History buffs also have a number of opportunities to delve into Lisbon's notable role in discovery and exploration. Walk through the beloved neighborhood of Belém, where Portuguese explorers once set sail and where Christopher Columbus stopped on his return from the New World. Here, guests encounter reminders of the massive riches of Lisbon's heyday with monuments such as the Belém Tower and Jerónimos Monastery. Also in Belém is the notable Monument to the Discoveries, a 52-meter-high concrete slab sculpted to commemorate the 500th anniversary of the death of Henry the Navigator.
Gracefully blending its past with its present, Lisbon is also a modern and sophisticated metropolis populated by fast-paced urban districts. Visitors can take in the multicultural atmosphere of Bairro Alto, one the city's most popular neighborhoods, where trendy boutiques nestle next to funky design shops and quaint coffeehouses. Or, enjoy the dazzling Avenida da Liberdade. Once a favorite spot for Lisbon's 19th century elite, this glittering district is a shopper's paradise featuring only the finest international labels. Meanwhile, over at the Chiado, visitors find a vibrant youthful atmosphere of art schools, theaters and a smattering of iconic cafes, including the famed A Brasileira.
Heading outdoors is a joy in Lisbon. Known as the “White City”, Lisbon is renowned for its beautiful climate and clear skies. It's also the only European city with Atlantic beaches. Only a half-hour from the city, visitors can enjoy the sun-drenched shoreline of Europe's largest beach – Costa de Caparica. Populated by breezy bars and quaint cafes, Costa de Caparica stretches for 30 kilometers and offers a place for visitors to sunbathe or swim in the sea.
In addition to Lisbon's superior surf, a slew of other recreational activities provide outdoor enthusiasts plenty of opportunities to enjoy Lisbon's phenomenal climate. From sailing in the blue waters of the Lagoa de Albufeira to leisurely afternoons observing the wildlife at the Parque Natural Sintra-Cascais, Lisbon leaves travelers no choice but to relax and unwind – and they wouldn't have it any other way.
All average costs based on U.S. Government Per Diem rates as published by the U.S. General Services Administration.
Similar to other cities in Southern Europe, Lisbon enjoys a delightfully warm climate most of the year with an average temperature of 16°C. The dry season usually begins in May and lasts through October. The hottest months of the year are July and August, when temperatures can peak at 37°C, but cool Atlantic breezes provide a fresh relief from the heat.
During the months of November to March, Lisbon becomes a bit chillier with temperatures dipping to between 1°C and 15°C. Although sometimes cool, Lisbon never sees snowfall nor negative temperatures. The rainiest months are January, February, April, November and December. Lisbon sees approximately 100 rainy days per year.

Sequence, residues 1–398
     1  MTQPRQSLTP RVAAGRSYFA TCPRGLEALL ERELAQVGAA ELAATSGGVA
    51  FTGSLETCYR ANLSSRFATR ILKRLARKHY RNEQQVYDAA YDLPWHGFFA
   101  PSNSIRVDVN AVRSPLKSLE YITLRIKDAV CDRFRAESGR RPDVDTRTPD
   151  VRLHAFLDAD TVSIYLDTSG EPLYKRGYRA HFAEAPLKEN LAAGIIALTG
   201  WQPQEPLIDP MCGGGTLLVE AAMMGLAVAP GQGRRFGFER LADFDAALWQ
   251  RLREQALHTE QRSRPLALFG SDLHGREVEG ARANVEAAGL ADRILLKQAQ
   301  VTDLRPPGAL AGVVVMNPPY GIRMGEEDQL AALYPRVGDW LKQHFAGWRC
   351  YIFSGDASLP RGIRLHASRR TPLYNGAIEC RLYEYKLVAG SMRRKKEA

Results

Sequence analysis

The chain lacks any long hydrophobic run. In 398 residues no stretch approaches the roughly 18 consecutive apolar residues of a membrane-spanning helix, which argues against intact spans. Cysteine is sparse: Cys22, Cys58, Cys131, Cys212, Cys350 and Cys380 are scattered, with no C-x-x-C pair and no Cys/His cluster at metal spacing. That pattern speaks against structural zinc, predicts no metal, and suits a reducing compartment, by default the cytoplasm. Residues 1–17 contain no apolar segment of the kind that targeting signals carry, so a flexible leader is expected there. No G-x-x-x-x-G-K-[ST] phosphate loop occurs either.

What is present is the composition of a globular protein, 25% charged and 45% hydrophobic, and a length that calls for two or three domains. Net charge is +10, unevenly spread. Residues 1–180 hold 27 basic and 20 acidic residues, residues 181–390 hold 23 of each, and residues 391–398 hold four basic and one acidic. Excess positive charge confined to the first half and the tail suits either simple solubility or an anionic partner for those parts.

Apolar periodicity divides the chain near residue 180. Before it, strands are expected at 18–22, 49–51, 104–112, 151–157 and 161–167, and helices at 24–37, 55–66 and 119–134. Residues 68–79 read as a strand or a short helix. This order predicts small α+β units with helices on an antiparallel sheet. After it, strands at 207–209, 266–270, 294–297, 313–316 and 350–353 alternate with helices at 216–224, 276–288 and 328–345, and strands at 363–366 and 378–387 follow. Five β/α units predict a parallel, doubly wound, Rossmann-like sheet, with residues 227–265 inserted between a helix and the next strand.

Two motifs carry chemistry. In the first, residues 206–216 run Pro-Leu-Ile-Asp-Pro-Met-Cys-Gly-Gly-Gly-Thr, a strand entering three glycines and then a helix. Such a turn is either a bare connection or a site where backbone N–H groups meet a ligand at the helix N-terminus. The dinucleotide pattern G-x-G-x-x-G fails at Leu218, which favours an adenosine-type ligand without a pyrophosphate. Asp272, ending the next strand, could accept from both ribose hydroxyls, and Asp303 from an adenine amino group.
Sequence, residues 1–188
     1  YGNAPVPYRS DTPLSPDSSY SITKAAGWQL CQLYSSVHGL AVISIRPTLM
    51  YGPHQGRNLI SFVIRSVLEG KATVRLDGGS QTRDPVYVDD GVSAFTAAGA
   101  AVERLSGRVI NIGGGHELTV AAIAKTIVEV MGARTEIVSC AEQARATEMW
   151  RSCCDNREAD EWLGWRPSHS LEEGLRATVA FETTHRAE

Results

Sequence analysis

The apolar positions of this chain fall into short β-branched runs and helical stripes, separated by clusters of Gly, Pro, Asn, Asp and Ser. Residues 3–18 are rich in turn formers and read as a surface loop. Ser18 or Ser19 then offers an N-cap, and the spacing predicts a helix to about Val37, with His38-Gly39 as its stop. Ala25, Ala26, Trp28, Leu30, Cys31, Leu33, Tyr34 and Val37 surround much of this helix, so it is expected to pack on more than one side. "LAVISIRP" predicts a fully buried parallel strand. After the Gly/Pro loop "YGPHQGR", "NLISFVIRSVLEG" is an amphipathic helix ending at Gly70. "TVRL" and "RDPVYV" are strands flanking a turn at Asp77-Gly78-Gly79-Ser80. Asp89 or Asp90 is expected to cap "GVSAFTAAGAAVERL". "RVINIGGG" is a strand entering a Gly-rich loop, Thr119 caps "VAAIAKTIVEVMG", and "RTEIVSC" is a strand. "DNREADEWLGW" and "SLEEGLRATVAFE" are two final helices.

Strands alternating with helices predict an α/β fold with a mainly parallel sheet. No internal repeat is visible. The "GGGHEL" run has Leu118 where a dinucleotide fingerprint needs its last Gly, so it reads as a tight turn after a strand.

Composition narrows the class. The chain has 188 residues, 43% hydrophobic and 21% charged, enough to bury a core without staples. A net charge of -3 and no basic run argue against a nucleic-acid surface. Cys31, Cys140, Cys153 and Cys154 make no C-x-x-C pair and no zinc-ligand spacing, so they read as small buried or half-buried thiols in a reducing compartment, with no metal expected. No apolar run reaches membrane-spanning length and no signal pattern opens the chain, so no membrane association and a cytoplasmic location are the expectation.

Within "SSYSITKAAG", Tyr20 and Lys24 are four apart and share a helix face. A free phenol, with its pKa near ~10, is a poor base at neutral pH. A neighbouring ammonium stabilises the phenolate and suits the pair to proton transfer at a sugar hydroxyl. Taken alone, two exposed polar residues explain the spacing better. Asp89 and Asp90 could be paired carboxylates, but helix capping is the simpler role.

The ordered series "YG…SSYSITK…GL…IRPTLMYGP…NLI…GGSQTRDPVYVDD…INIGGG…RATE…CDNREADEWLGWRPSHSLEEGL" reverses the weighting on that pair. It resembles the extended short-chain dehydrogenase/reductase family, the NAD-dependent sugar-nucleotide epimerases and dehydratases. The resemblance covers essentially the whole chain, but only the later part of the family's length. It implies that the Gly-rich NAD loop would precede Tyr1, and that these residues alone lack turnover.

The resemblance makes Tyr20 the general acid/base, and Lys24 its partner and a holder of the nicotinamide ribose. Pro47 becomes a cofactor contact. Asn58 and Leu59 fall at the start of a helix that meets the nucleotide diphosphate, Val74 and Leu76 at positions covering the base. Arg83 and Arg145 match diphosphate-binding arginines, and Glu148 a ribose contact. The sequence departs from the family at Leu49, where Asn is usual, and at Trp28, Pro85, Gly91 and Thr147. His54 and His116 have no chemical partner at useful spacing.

Lisbon enjoys beautiful weather year-round, but the very best time to go is during the spring and summer months. Whether strolling past historic monuments or basking along the sun-drenched shores, Lisbon is a city best enjoyed outdoors.
FIL Exhibition Centre
Founded in 1957, the International Fair of Lisbon (FIL) is the leading tradeshow, fair and exhibition organizer in the country. Its amazingly diverse and modernized space, located in the Parque das Nações, is one of Europe's most sought-after sites for conventions and meetings.
The FIL Meeting Centre's four interconnected pavilions encompass an area of 40,800 square meters. Additionally, the facility boasts three auditoriums, four meeting rooms, an exhibition area, a registration area, a restaurant, and a parking lot with more than 800 parking spaces. Amenities include state-of-the-art audio-visual, wifi access and banquet services.
Lisboa Congress Centre
On the banks of the Tagus River sits one of Lisbon's most dramatic and breathtaking convention destinations. The Lisbon Congress Centre is easily accessible via public transportation and features a parking lot of 1,100 spaces
The Lisbon Congress Centre offers incredible flexibility and functionality for meeting planners. The facility includes 9,000 square meters of space spanning across eight auditoriums, five halls and 25 conference rooms. Featuring the latest in audio-visual and IT equipment, the Congress Centre can provide wifi service throughout the buildings.
Additionally, the venue is home to a beautiful waterfront restaurant with space for up to 400 diners and scenic vistas of the charming waterfront area.
Centro Cultural de Belem